Ancient seals contained carved images and sometimes words that would leave a mirror impression when stamped onto a soft surface, usually wet clay. The seals were used to “sign” documents with the unique seal of an individual such as the seller. They can be compared to a notarized signature today. The impression gave visual proof of the genuineness of the object.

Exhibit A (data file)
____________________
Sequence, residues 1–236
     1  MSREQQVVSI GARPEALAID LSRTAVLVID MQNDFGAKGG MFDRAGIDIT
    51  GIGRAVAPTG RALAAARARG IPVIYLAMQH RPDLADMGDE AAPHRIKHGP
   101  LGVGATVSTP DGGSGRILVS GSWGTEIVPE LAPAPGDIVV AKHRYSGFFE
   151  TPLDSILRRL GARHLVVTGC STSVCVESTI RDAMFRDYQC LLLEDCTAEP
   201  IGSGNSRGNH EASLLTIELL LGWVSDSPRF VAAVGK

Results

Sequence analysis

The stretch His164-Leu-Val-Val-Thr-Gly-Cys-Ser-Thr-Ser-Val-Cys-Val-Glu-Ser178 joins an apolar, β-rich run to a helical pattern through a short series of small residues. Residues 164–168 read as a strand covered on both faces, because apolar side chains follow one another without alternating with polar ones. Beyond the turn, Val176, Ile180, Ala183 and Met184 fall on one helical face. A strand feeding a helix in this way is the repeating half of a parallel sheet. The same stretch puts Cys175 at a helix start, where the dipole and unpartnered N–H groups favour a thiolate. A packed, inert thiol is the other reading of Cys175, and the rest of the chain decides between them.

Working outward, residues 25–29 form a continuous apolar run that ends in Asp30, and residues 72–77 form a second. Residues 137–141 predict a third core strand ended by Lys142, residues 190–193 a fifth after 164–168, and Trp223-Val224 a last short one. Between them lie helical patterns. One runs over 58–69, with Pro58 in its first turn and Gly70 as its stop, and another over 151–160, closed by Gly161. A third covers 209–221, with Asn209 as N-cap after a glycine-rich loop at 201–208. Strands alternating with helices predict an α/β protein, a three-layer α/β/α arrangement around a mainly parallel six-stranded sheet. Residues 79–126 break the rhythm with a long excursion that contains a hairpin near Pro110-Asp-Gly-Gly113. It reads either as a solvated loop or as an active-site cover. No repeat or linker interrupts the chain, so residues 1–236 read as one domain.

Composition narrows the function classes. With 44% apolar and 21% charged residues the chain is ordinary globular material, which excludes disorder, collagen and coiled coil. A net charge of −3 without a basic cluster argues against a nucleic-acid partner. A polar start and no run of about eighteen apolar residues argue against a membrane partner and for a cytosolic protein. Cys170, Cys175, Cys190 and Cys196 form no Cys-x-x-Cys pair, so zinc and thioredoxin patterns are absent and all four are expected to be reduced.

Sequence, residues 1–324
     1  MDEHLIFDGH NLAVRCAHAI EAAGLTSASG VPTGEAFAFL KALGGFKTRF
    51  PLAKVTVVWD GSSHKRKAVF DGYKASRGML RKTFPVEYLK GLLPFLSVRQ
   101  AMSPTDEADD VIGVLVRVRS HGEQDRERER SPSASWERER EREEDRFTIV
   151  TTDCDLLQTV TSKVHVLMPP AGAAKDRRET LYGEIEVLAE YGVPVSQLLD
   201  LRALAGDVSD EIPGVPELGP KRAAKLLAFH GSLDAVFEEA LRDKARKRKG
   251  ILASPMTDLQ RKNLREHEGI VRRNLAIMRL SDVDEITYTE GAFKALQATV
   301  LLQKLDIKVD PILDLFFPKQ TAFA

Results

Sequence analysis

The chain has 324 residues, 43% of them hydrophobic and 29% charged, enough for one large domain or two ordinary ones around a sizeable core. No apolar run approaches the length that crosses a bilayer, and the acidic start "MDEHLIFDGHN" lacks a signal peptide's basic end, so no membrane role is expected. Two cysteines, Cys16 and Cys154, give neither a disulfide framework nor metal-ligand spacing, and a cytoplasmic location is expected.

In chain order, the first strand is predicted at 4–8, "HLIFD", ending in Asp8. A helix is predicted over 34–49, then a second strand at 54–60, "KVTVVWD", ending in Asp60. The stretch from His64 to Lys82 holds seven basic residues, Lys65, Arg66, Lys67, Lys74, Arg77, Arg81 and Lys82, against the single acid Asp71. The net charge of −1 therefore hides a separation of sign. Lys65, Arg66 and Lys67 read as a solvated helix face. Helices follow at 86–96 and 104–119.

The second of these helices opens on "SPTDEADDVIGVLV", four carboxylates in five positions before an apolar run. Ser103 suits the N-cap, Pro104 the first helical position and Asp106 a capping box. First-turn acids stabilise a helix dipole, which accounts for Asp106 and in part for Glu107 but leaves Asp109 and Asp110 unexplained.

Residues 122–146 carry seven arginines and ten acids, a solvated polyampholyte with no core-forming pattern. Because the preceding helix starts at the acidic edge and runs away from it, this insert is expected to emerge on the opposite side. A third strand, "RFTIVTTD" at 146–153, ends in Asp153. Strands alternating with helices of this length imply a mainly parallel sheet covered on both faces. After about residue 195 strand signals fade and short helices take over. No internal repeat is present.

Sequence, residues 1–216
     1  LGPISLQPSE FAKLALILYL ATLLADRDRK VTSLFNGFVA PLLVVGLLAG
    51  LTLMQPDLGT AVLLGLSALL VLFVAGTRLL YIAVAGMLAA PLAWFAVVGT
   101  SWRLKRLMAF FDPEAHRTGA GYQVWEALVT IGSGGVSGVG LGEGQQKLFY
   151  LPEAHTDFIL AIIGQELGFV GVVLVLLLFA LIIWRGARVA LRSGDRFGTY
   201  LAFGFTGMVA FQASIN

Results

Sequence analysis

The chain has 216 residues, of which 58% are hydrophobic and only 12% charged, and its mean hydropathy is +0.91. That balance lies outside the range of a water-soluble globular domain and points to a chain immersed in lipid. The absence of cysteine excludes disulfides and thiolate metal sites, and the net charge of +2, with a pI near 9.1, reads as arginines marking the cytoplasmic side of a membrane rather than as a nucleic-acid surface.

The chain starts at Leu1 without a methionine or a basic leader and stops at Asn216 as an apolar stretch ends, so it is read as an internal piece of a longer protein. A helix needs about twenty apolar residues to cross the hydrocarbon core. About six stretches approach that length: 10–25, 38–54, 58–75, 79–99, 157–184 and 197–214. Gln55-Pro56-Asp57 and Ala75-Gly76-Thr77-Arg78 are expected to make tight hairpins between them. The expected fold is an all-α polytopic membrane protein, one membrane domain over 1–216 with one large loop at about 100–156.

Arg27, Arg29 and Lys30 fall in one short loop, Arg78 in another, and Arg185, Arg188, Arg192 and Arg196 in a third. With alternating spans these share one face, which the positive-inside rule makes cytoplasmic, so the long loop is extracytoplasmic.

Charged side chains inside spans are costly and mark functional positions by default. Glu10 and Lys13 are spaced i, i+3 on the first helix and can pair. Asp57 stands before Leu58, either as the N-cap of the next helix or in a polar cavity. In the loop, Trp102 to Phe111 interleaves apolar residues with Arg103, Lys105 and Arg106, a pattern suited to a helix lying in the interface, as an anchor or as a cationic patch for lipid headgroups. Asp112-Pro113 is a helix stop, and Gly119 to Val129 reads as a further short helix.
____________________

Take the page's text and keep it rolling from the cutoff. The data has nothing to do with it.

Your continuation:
Papyrus documents were often rolled and folded, after which string was tied around them, and seal impressions stamped at various points on the string. The impressions could also be used to prove no one had tried to open the document since it had left the hand of those who had made a will, contract, financial agreement, decree, or receipt for goods.
Stamped onto a person’s possessions, a seal impression could identify ownership of the object. They were also used in business to protect closed containers from tampering or theft or to seal storerooms full of grain to show if the room had been broken into or not.